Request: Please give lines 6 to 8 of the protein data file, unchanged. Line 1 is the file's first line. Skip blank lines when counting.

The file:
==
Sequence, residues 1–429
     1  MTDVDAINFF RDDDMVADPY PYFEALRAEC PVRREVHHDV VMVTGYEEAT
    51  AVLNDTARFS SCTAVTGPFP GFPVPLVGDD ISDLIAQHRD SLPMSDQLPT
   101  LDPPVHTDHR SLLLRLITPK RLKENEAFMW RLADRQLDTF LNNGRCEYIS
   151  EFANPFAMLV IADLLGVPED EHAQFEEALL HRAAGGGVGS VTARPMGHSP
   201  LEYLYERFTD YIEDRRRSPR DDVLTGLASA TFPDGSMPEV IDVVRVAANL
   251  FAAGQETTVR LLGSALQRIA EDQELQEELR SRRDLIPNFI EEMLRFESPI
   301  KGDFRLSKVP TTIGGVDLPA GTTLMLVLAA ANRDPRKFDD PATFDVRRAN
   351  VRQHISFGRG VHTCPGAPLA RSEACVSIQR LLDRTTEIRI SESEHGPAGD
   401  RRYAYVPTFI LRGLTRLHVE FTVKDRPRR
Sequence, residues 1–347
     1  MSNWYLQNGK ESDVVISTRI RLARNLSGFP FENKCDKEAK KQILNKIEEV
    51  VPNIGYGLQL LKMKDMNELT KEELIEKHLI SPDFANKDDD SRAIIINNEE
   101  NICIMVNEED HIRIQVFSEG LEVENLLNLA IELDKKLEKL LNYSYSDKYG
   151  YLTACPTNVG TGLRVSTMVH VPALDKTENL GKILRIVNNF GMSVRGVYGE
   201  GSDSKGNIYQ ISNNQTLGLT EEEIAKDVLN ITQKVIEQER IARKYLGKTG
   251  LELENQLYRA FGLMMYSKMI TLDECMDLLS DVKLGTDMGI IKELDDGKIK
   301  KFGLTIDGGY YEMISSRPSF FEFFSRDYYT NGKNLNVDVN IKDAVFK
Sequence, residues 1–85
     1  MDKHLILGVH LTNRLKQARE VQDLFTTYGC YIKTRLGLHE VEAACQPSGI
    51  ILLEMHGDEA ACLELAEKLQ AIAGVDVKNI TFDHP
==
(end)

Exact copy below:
   201  LEYLYERFTD YIEDRRRSPR DDVLTGLASA TFPDGSMPEV IDVVRVAANL
   251  FAAGQETTVR LLGSALQRIA EDQELQEELR SRRDLIPNFI EEMLRFESPI
   301  KGDFRLSKVP TTIGGVDLPA GTTLMLVLAA ANRDPRKFDD PATFDVRRAN